No. 102.-report of Capt. William R. Terrill, Fifth U. S. Artillery, Chief of artillery, Second Division.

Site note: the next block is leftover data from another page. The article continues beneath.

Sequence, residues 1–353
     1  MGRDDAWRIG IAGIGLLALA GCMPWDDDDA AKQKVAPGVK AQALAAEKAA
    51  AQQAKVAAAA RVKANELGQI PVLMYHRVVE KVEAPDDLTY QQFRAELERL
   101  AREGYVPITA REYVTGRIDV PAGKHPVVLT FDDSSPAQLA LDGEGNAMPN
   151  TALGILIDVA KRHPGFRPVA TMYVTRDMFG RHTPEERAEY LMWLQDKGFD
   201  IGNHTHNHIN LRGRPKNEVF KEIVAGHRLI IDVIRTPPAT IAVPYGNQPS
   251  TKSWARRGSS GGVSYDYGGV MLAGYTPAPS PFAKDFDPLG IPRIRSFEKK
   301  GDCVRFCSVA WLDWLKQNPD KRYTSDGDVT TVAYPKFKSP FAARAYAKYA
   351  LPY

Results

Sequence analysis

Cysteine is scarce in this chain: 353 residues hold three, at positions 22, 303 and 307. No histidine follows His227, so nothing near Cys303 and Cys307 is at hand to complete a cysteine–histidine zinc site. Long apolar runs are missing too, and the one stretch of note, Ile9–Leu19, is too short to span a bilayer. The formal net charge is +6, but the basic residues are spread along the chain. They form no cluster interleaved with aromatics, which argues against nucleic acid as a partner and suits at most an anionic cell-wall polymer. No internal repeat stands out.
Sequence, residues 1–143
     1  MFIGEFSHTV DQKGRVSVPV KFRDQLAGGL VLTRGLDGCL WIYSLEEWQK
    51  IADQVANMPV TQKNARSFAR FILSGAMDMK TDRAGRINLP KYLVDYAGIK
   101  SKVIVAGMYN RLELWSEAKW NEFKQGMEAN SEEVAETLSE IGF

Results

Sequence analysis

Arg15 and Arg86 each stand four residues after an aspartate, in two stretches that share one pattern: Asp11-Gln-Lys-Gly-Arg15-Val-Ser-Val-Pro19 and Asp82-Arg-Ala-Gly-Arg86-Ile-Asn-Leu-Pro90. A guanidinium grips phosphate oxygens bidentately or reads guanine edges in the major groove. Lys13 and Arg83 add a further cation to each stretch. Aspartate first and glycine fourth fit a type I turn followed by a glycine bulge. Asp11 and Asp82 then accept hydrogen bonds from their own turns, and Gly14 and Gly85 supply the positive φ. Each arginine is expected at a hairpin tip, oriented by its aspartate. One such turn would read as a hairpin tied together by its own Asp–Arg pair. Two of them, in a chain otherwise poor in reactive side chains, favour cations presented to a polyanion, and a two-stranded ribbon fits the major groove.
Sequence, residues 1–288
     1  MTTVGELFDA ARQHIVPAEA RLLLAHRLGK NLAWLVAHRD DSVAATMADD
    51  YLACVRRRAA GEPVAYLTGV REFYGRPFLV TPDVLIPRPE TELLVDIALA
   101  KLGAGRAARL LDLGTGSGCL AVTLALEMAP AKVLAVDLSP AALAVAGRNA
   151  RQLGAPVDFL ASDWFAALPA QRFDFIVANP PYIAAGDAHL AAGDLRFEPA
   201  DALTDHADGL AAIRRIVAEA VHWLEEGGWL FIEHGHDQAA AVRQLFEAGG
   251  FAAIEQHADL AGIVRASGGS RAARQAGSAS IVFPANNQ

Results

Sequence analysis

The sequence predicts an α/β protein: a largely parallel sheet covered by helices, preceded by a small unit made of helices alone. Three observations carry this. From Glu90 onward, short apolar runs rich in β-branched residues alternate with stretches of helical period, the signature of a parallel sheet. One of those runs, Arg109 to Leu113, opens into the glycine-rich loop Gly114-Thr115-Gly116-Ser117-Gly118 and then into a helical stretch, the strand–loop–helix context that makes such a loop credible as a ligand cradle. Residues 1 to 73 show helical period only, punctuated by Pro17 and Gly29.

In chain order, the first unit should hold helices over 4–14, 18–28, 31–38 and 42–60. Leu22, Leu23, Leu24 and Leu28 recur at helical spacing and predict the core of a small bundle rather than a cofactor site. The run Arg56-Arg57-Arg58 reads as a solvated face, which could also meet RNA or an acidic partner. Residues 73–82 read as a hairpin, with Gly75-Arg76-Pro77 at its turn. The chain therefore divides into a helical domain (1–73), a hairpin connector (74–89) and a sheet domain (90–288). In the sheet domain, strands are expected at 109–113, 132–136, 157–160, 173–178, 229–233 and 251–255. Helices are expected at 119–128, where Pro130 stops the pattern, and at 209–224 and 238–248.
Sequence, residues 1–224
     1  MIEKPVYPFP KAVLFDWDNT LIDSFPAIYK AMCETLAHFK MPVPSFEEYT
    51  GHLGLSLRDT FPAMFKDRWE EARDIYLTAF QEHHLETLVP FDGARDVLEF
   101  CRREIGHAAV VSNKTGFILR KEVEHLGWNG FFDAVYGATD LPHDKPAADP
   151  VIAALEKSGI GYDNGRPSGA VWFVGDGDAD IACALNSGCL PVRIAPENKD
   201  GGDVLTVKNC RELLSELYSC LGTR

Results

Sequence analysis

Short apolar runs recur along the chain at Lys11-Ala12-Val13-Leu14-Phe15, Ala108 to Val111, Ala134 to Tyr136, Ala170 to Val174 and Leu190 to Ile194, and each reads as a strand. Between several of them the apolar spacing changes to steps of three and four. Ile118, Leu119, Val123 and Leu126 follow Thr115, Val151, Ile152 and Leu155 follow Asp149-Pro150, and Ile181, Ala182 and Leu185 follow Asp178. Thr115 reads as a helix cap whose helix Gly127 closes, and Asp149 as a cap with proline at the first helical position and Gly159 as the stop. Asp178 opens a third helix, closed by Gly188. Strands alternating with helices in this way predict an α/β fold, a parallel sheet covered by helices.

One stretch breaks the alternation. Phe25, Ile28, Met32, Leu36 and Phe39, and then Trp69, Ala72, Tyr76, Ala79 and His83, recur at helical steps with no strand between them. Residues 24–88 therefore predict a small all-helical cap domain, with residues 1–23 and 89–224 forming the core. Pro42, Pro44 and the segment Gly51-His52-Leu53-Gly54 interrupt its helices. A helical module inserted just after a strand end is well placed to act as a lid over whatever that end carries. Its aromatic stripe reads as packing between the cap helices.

battle-ground of Pittsburg Landing, April 8, 1862.Captain: I have the honor to make the following report: On Sunday, April 6, by a forced march, General McCook's division, to which my battery was attached, reached Savannah, Tenn., at 8 o'clock p. m. We waited in a drenching rain until 3 o'clock on Monday morning, April 7, for a steamer to take us to Pittsburg Landing. The battery was embarked by daylight, and immediately after reaching Pittsburg Landing was disembarked and hurried into action. By Lieutenant Hoblitzell, General McCook's aide-de-camp, the battery was conducted to the ground occupied by General Nelson's division, which at that time was sorely pressed by the enemy. The battery fought until about 4 o'clock p. m., when the fire of the enemy was silenced. General Nelson then moved his division forward, and we encamped on the ground the enemy had occupied the night before. In the early part of the action the right section of my battery was assigned a position near the right of the division, and was of great service in silencing one of the enemy's, which was playing on the left and center of the division. After the firing on the left became very severe the section was moved, by permission of General Nelson, to the support of the remainder of the battery, and was of great assistance in repelling the advance of the enemy. This section was commanded by First Lieut. Francis L. Guenther, who behaved with that coolness and bravery which he displayed on a former occasion in Western Virginia, and I especially commend him to the favorable consideration of the highest authorities. Sergeants Davis, Egan, and Maubeck, and Corporals Ervin and Lynch, are especially commendable, though the conduct of all the men attached to the section gave much satisfaction to their chief. Soon after the commencement of the action I advanced the left and center sections, commanded respectively by First Lieut. J. H. Smyser and Second Lieut. Israel Ludlow, along the line of skirmishers, where the fire was most galling. I was compelled to this to gain the crest of the ridge to fire upon the enemy's batteries, which were playing upon our skirmishers. After silencing their fire they seemed to be reenforced with fresh troops, and with vociferous cheers charged along the whole line. The infantry with us gave way before the storm of musket balls, canister shot, and shell, which was truly awful. Lieutenant Ludlow's section was immediately sent to the rear to protect  the retreat of Lieutenant Smyser's, which was well done. One of Lieutenant Ludlows caissons was left here, all the horses having been killed or wounded, but we recovered it later in the day. I served one of Lieutenant Smyser's pieces (the fifth, a Napoleon) and he the other. We fixed prolonges and fired retiring. The enemy charged us, but were staggered by our discharges of canister, whilst Lieutenants Guenther and Ludlow, on our left, poured spherical case shot into them. We checked their advance three times, retiring as they charged upon us. From the vigor of their fire, their cheering, and the impetuosity of their advance I judged they were re-enforced each time. For a time Lieutenant Smyser and Corporal Roberson served the fifth piece (a Napoleon) alone. Sergeant Metcalf, chief of the sixth piece, behaved with great gallantry and devotion. Though wounded in the head by a musket-ball he gallantly stood by his captain till wounded in the leg and compelled to crawl off. Corporal Brodie and Private John T. Carroll served at this piece until we silenced the enemy's fire. A sergeant of infantry, seeing us sorely pressed, brought up ammunition at my request. He served bat a few moments, when he was shot down. I do not know his name nor the regiment to which he belonged, and was not able to find his body after the battle. Private John Marshall, of Company E, Twenty-fourth Ohio Volunteers, having expended his cartridges, threw down his musket and served as a cannoneer during the remainder of the action. He was of great service. After checking the advance of the enemy we shelled the woods where they were, and at 3.30 p. m. all was quiet in front of General Nelson's division, when he ordered a change to the position last occupied by the enemy. The Sixth Regiment Ohio Volunteers were then reserved as a support to my battery. The skirmishers thrown to our front discovered that the enemy had abandoned that position. Seeing General McCook sorely pressed and a battery in the woods about half a mile to our right playing upon his division, I opened fire upon the battery with two Napoleon guns. In an instant that battery and one to its rear, and nearer us, opened. Having but few cannoneers, I called upon Lieutenant-Colonel Anderson for a detail of men from his regiment to man the guns. The men soon came forward, and the Napoleons began to tell. Lieutenant Smyser's piece was disabled by a shot tearing off the center axlestrap, when the next recoil of the piece tore off the other two. Lieutenant Guenther, in the mean time, with his section had advanced with General Nelson's skirmishers, and he took these batteries in reverse. They were soon silenced, and I enfiladed the enemy's line with shells and spherical case-shot. My center section was posted so as to prevent our left flank being turned. Our fire must have told fearfully, for very soon General McCook's whole line rapidly advanced and drove the enemy before them, and the day was ours. After ascertaining that the enemy had retreated, Captain Fry, chief of staff, ordered me out on the road leading to Corinth, to camp for the night with General Nelson's division. We remained all night in the camp occupied by the enemy the previous night, and the next morning at daylight returned to the battle-ground. I have already spoken of Lieutenant Guenther's gallant conduct, but I cannot close my report without doing justice to my other gallant officers. Asst. Surg. Dallas Bache, U. S. Army, who has been with my battery, and the chief medical officer of the artillery of the Second Division, was on the field of battle, attending the wounded, not only of the artillery, but of all arms, friends and foes. Words can hardly express my appreciation of his services and great devotion to duty. For  five long, weary months in camp, during the most trying weather, he has been unremitting in his devotion to the sick, and yesterday his conduct on the battle-field crowned it all. First Lieut. Jacob H. Smyser, Fifth Artillery, behaved with great gallantry, and fought his piece with desperation amid the hail of missiles of every description. With but one man left at his piece he brought it safely off. Second Lieut. Israel Ludlow, Fifth Artillery, behaved with great gallantry, and for so young a man acquitted himself with great credit. I commend him and Lieutenant Smyser to the favorable consideration of my superiors. Second Lieut. B. F. Rittenhouse, Fifth Artillery, had been left on the road to Savannah with our baggage train, and did not participate in the action. I regret his absence, inasmuch as it deprives me of the pleasure of adding his name to those of his gallant brother subalterns. The Sixth Regiment Ohio Volunteers, when selected to support my battery, came forward with alacrity. They stood by me to the last, and when the fire of two of the enemy's batteries was concentrated upon us, the shot and shell falling around us, not a man moved. Their gallant commander, Lieutenant-Colonel Anderson, proved himself a true soldier, and had the enemy charged us again, my Napoleons would have been protected by a support in which I have the utmost confidence. I am, sir, very respectfully, your obedient servant